Sunday, May 30, 2010

Grasping the past (6): Marriage

This extends a comment I made here.

If one is familiar with the history of marriage, contemporary debates over marriage can be a bit odd. The Church got into marriage law because there was pressure (particularly from landholders) to regularise marriage rights and law to help smooth transfer of property. There is a transaction costs argument in favour of a standard contract that I suspect would recur rapidly if marriage was "disestablished" (i.e., the state withdrew from regulating marriage: which it only got into in Latin Christendom during the Reformation).

The notion that marriage "has to be" sacralised is also deeply odd. In Latin Christendom, marriage did not become a sacrament until the C11th. The Catholic Church did not require the presence of a priest until the Council of Trent in the C16th. But contractual marriage is, in fact, older in Western traditions (in Judaism, Roman, Celtic and Germanic law).

The notion that the Church has "intellectual property (IP)" in marriage is simply stupid, showing a crass ignorance about the history of marriage. But it is consistent with the pattern of social movements vis-à-vis the family: they start off being against it as distraction from the Great Purpose, make some sort of accord with it when social reality proves too strong and end up claiming that they were always in favour of it really.

The only thing anthropologists have been able to find that is common and distinctive about marriage—it creates in-laws. There has been at least one society (in Southern China) that did not have marriage at all (a woman’s brothers helped raised her children) and many societies (notably Amerindian societies, but African, Asian and Middle Eastern ones as well) have had same-sex marriages of various types.

As for its origins, that is not remotely tied to any particular religion. Indeed, religions typically seek authority from supporting and ritualising marriage, rather than marriage requiring religious authority. Marriage itself has origins in human needs and conveniences. In Stephanie Coontz's —words:
... having a flexible, gender-based division of labor within a mated pair was an important tool of human survival.
Children, property and companionship sustain marriage as an institution: so much so that any two of them seem to be enough to keep it going.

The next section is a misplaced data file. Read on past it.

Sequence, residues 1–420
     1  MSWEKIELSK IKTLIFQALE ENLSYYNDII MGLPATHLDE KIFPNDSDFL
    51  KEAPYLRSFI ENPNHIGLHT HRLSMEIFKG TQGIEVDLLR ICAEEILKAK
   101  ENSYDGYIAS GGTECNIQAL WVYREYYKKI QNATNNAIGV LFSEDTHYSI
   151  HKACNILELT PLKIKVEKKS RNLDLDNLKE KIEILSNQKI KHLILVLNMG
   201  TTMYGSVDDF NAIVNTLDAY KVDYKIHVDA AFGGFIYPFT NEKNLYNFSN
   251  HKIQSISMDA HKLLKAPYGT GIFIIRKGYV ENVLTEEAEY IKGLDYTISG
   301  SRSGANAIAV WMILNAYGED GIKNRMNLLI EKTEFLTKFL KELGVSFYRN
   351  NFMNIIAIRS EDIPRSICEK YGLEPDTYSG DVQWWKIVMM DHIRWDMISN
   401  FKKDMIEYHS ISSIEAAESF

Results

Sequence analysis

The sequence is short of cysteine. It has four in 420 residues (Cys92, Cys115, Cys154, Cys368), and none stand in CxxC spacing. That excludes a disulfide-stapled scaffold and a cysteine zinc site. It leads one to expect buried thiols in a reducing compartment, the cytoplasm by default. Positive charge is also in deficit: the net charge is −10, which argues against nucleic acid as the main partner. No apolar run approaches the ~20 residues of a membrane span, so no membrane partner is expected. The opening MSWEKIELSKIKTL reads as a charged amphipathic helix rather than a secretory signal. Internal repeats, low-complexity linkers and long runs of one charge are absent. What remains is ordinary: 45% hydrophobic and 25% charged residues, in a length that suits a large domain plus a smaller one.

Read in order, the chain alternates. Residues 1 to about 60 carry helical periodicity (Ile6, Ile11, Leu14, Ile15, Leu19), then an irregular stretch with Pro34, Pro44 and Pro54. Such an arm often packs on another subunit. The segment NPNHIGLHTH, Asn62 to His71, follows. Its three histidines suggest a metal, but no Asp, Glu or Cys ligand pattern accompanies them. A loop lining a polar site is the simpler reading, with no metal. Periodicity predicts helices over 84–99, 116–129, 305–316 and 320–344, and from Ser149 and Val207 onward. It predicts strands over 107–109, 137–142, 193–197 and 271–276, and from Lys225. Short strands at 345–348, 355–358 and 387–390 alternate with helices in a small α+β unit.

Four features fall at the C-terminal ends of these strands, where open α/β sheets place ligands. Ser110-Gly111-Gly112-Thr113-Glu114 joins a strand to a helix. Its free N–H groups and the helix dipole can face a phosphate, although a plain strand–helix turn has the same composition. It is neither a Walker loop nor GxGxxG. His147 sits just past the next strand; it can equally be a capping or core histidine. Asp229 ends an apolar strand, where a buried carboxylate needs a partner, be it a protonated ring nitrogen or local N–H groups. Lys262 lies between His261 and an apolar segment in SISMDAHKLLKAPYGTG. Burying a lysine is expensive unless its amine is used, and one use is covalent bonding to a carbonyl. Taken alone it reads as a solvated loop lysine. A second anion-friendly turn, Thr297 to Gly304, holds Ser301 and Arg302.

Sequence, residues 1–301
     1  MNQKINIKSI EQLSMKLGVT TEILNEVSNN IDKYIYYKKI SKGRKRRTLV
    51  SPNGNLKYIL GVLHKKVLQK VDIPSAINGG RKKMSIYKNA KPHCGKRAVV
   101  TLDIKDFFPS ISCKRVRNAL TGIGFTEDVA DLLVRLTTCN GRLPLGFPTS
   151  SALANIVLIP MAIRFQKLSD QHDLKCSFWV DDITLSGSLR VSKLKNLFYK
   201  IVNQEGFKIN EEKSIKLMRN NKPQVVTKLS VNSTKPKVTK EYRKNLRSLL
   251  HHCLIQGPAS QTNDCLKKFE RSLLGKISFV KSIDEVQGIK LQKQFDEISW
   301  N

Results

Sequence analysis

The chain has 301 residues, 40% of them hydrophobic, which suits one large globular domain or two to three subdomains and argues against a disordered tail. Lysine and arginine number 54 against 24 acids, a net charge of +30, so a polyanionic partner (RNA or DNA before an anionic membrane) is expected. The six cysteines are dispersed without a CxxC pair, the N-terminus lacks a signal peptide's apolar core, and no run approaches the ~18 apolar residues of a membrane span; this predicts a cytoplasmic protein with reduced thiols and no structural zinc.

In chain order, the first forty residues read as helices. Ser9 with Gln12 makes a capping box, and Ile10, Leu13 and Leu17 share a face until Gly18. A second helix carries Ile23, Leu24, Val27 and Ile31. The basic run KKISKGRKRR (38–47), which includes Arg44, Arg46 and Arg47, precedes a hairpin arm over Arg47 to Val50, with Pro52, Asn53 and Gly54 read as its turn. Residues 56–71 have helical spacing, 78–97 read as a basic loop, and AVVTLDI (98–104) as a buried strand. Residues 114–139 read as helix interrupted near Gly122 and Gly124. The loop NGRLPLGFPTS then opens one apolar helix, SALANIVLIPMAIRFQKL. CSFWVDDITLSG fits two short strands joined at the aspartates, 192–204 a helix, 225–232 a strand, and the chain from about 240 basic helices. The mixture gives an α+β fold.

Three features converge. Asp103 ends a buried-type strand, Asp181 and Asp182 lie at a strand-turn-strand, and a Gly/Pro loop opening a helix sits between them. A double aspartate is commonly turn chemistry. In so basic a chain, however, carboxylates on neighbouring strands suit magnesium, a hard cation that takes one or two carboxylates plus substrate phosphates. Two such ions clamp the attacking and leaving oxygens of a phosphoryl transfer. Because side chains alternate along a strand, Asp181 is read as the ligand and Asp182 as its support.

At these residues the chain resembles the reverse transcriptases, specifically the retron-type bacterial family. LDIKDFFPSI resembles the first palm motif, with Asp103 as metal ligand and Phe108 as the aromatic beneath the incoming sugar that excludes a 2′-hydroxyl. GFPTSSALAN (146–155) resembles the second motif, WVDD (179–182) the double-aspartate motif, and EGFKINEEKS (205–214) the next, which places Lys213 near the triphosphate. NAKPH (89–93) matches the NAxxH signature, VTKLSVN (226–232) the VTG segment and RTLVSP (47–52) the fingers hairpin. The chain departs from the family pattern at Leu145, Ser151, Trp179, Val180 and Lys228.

ADDENDA: The Israeli state has no role in marriage except registering the marriage, which has it own problems given marriage is treated as an entirely religious institution. (The Israeli state does enforce some residency restrictions however.)


  1. Interesting post and link. I got married in the mid 1950s. Full on church visits the vicar before etc.
    Neither of us were believers, but that was what you did. A ritual nothing more.
    “Children, property and companionship sustain marriage as an institution: so much so that any two of them seem to be enough to keep it going.”
    We never had children, never bought a house for the first 20 years, so perhaps only companionship is needed.
    For almost thirty years I was an engineer in the merchant navy with my wife as a passenger or ‘company guest’. Main trading was Australia, far east and pacific. We often had trainees from all over. I still remember conversations with a young man from what was then the New Hebrides. I was trying to explain that we weren’t together because she was my wife but because she was my friend. He could not understand at all, thought I was saying we weren’t actually married – that she wasn’t my property. ? .
    Since retiring I have been reading a lot of anthropology, in one of the pacific island groups it is/was common for the female partner to take a lover. Not unusual anywhere, but, if she did not get presents from her lover to give to her husband she was considered “immoral”.
    Sorry about the use of ‘my wife’, can’t think of any other expression even though I have spent 40 or more years trying to find one. She was never mine, I was never hers, if you need to say anything we were each others.

  2. Your comment is a lovely memoir and meditation on marriage, thank you.